Metropolitan Washington Airports Authority police responded to a report of a single-vehicle crash with multiple injuries in the toll road’s westbound lanes at 9:40 p.m., MWAA said in a statement to FFXnow.

The arriving officers found a moped and one person who was dead in the roadway. A second person was transported to a hospital with critical injuries and later died, according to MWAA.

Police have identified the man found dead at the scene as 23-year-old Nyjell Dae Quan Lewis from D.C. The person who died at the hospital was 20-year-old Kia Renee Hobbs from Suitland, Maryland, according to the authority, which says she is “presumed to be a passenger on the moped.”

“The Dulles Toll Road was closed during the crash reconstruction,” MWAA said. “The case is still under investigation, and no charges have been filed. With the investigation ongoing, we can’t answer any further questions at this time.”

Though MWAA has characterized the incident as a single-vehicle crash, scanner watchers told FFXnow that a car was reportedly involved. An MWAA spokesperson said they “can’t confirm additional details.”

The Fairfax County Fire and Rescue Department also responded to the crash but deferred to MWAA police when asked for information.

The Dulles Toll Road crash was one of two fatal incidents reported in Fairfax County yesterday.

At 11:24 a.m., Fairfax County police and fire personnel were dispatched to the Route 50/Sully Road interchange in Chantilly after a car drove into a light pole. The driver — identified as Arjen Weiss, 62, of Chantilly — was transported to Reston Hospital, where he died.

“Detectives from our Crash Reconstruction Unit determined Weiss was driving westbound on Lee Jackson Memorial Highway on the ramp to northbound Sully Road,” the Fairfax County Police Department said. “His vehicle left the roadway for an unknown reason and struck a light pole. Detectives believe alcohol and speed were not factors in the crash.”

There have now been eight traffic fatalities reported in Fairfax County this month, including four pedestrians and two people who died in a one-car crash on Route 7 in Tysons last week.

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A data center or warehouse is proposed for Lee-Jackson Memorial Highway, now known as Route 50 (via Fairfax County)

One of two options — a data center or a warehouse — is proposed for a nearly 79-acre parcel in Chantilly on what used to be called Lee-Jackson Memorial Highway.

The property owner is seeking Fairfax County’s permission to rezone a nearly 5.4-acre portion of the property for a data center or warehouse, according to an Oct. 3 application. The project is coined Chantilly Premier.

“The proposed development would encourage business and commercial endeavors in the area and add to the diverse industrial and commercial tax base surrounding Dulles Airport,” the application says.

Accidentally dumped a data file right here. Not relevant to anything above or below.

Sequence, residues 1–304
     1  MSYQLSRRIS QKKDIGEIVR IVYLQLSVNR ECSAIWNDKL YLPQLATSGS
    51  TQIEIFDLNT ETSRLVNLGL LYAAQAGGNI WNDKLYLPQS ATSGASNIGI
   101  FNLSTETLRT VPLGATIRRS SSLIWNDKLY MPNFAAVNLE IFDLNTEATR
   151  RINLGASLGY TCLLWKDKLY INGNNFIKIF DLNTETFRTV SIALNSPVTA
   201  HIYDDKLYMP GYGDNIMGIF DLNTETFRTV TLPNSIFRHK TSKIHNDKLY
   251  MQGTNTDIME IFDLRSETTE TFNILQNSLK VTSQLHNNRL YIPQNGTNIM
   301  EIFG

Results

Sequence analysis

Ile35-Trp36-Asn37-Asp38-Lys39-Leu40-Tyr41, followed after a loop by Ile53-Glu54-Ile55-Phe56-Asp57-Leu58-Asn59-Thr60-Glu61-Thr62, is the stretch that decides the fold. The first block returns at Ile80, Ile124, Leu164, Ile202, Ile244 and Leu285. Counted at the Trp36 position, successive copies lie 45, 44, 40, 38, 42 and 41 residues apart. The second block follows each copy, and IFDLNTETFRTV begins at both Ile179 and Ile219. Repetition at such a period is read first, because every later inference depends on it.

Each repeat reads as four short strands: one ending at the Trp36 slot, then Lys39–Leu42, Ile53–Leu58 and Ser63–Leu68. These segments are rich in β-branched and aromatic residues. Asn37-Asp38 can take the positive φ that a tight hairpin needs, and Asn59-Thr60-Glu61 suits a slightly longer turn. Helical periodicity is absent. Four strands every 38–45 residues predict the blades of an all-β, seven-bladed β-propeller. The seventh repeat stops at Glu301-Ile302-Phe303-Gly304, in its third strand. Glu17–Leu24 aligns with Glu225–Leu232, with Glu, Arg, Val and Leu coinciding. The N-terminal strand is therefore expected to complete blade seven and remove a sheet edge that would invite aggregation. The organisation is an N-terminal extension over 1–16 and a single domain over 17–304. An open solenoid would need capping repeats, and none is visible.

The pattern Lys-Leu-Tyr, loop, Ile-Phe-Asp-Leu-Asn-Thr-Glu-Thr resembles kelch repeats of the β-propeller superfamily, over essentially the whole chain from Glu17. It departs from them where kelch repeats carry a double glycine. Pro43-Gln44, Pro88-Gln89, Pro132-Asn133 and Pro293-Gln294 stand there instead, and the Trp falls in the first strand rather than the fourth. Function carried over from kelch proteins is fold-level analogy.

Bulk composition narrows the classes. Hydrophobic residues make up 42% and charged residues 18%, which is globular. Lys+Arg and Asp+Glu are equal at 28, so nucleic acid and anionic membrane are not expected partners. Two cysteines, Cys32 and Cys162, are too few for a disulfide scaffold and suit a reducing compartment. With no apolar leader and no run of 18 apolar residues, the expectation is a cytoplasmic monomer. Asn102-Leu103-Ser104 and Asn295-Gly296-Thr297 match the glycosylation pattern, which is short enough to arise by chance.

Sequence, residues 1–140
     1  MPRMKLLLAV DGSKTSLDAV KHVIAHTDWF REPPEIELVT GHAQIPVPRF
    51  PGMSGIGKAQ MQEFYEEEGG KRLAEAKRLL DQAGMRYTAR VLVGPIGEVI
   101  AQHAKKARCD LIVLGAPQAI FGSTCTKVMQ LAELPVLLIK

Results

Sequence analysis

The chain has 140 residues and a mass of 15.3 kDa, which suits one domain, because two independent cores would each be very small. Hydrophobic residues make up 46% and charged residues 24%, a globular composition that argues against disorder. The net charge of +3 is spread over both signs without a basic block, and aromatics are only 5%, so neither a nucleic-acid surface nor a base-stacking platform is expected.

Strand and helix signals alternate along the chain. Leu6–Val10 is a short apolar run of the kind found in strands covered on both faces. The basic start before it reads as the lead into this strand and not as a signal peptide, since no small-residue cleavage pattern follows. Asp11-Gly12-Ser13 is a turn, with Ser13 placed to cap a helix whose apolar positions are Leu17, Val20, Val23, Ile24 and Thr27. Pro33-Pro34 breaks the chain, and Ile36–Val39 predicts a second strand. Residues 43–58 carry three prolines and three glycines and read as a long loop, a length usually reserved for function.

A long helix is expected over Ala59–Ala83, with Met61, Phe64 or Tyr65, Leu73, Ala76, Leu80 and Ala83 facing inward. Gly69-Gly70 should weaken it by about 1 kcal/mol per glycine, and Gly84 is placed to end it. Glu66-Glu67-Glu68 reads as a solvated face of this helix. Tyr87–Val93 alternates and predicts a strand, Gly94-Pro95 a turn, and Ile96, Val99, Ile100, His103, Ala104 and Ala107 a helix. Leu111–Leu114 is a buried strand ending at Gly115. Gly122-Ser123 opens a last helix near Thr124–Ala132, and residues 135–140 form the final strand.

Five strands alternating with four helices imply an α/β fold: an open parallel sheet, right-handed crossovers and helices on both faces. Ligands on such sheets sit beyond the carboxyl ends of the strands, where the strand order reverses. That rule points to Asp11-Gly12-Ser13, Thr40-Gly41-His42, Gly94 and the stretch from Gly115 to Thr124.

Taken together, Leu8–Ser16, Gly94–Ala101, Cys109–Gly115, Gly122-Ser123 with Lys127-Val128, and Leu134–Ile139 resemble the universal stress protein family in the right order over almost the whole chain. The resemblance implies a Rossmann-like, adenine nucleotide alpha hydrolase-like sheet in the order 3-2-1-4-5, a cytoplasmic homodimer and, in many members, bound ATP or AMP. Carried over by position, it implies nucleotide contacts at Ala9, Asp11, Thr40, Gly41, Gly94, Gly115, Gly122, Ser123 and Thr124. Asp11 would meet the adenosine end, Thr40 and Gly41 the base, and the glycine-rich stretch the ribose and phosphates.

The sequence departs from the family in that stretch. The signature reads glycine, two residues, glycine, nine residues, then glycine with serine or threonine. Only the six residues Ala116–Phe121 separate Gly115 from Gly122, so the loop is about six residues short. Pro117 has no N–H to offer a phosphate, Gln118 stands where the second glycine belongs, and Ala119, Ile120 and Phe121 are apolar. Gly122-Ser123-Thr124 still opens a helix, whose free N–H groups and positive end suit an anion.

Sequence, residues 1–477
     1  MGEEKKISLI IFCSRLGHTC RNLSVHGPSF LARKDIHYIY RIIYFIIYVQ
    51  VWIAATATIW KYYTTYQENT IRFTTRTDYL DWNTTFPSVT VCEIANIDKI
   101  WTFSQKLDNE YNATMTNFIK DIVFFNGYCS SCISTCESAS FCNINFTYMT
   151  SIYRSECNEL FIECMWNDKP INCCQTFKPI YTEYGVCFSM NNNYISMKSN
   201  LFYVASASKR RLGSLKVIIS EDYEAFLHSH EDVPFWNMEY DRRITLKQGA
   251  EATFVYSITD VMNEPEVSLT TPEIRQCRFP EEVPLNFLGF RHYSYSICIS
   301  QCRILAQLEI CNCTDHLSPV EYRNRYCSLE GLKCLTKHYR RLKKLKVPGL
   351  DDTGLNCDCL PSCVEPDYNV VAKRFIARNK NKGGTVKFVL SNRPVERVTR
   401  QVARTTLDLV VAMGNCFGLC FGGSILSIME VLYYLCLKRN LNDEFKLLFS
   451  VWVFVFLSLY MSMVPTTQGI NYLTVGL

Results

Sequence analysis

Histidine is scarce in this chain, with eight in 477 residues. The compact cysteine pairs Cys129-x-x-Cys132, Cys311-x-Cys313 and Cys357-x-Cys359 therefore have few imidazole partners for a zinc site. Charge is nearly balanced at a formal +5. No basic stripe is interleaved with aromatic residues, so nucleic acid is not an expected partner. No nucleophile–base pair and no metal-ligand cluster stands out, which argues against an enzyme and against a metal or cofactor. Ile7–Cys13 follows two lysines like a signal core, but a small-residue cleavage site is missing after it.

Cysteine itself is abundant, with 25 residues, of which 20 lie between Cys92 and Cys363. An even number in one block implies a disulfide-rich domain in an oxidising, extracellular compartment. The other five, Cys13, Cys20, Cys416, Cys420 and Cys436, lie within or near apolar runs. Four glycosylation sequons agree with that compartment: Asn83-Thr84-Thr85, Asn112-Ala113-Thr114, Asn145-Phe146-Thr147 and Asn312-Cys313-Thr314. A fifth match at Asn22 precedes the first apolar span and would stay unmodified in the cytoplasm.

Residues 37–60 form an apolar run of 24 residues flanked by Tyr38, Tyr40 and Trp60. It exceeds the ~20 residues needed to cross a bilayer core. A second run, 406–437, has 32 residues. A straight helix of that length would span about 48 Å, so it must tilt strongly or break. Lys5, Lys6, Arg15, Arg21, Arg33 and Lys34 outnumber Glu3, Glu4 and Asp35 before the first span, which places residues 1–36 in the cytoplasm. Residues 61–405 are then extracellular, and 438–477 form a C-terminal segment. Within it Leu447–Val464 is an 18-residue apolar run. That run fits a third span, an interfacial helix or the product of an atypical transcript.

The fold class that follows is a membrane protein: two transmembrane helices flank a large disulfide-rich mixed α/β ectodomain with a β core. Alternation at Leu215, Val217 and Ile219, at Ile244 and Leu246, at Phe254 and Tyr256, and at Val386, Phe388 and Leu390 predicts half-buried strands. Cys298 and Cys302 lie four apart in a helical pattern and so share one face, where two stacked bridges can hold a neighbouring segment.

Identified as PDCREF2 Chantilly LLC, the applicant says it’s open to dedicating the unused portion of the massive, undeveloped property — known as parcel six — to the county for preservation.

The site is currently zoned for two uses: highway commercial and general industrial. It’s located outside of the floodplain area roughly 1,200 feet west of Route 50’s intersection with Stonecroft Blvd.

The proposal would rezone most of the area that is not a floodplain for industrial uses in order to develop a 402,000-square-foot data center or a 150,000-square-foot warehouse.

Roughly 92% of parcel six will remain undisturbed.

The data center would include 50 parking spaces and two loading spaces. The building would be mostly screened from view from the highway and neighboring properties, according to the application.

The warehouse option is less intense, allowing 164 parking spaces and 30 loading spaces. It would also be screened mostly from view.

The application does not favor one option of the other, saying either use would “add to the diversity of industrial uses in the area and complement the automobile oriented uses to the east.”

The county has not yet accepted the application for review. It is in the initial planning phases.

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A road sign for Lee Highway, also known as Route 29, in Merrifield (staff photo by Angela Woolsey)

Lee and Lee-Jackson highways may officially no more.

In a 9-1 decision, the Fairfax County Board of Supervisors voted to change names of Lee and Lee-Jackson highways to Route 29 and Route 50 respectively.

“This is a necessary and important change for Fairfax County. We will continue to strive to realize our vision of a more equitable One Fairfax,” wrote Fairfax County Board of Supervisors Chairman Jeff McKay in a statement.

The move comes after a yearlong review by the county’s Confederate Names Task Force, which called on renaming the highways. The task force submitted recommendations in December.

Overall, updates to signage is expected to cost roughly $1.4 million, according to a county memo. An additional $1.5 million is estimated for a financial assistance program that would affect businesses and residential units that may be impacted by the name change.

That financial assistance program will be developed in the fall through a formal proposal.